Finally, Garmin has launched the long-awaited Forerunner 955 and Forerunner 255 sports watches. The company has made some seriously smart upgrades to both, including touchscreens and new tools to support your race training, but it's arguably the 255 that's changed the most.
Before the official launch of the two watches, I was apprehensive about the 255. The Forerunner 200 series have always been mid-range running watches that fill a niche between Garmin's entry-level devices and more feature-rich multi-sports models like the Forerunner 900 and Fenix series. However, last year's entry-level Forerunner 55 was so well-rounded, it was tough to see what else the 255 would be able to bring to the party.
It turns out, I needn't have worried; Garmin has shaken things up and found a different niche for the new watch. Instead of building another device purely for runners, the company has turned the Forerunner 255 into a beginner-friendly triathlon watch – and it makes a lot of sense.
As you become a more confident runner, it's natural that you might start considering cycling and swimming, and perhaps integrating them into your training plan to make your workouts more rounded. From there, it's a short jump to signing up for a sprint triathlon.
The thing is, even without factoring in the additional training and mastering transitions between stages), triathlons have a much higher barrier to entry than running events. You might own a workable bike already, but you'll also need a rack for transporting it, a helmet that complies with race rules, tri shorts, swim goggles, perhaps a wetsuit, a $100 triathlon license if you live in the US, the entry fee for the event itself...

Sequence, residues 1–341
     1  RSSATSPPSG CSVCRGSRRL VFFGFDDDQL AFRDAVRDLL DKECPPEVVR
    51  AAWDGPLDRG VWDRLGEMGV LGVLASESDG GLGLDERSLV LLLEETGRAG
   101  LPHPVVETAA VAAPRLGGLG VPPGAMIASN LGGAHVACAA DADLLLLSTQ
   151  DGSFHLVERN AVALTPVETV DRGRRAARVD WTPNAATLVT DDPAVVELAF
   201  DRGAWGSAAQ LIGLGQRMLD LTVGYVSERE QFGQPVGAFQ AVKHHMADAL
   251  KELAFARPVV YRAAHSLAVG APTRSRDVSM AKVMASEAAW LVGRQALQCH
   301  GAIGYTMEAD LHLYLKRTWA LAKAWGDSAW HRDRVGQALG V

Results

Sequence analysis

It's a big investment, and dedicated triathlon watches (which allow you to switch between cycle, swim, and run tracking at the press of a button) are usually seriously pricey as well, adding even more to the cost. Until now.
At $349.99 / £299.99 for the non-music edition, the Forerunner 255 isn't exactly cheap, but it's far more affordable than the likes of the Wahoo Elemnt Rival, Polar Vantage V2, or Garmin's own Forerunner 755.
There was definitely a niche for an entry-level triathlon watch, and it's one that the 255 seems to fill very neatly. It'll even help you build up to your first event with workout suggestions, PacePro to help plan your race strategy, training status reports, and even weather forecasts for the day itself.
It certainly makes a lot more sense than trying to bolt additional features onto the Forerunner 55 to make a more advanced running watch, and anything that makes sport even slightly more accessible is always welcome in my book.
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Cat is the editor of Advnture, She’s been a journalist for 15 years, and was fitness and wellbeing editor on TechRadar before joining the Advnture team in 2022. She’s a UK Athletics qualified run leader, and in her spare time enjoys nothing more than lacing up her shoes and hitting the roads and trails (the muddier, the better), usually wearing at least two sports watches.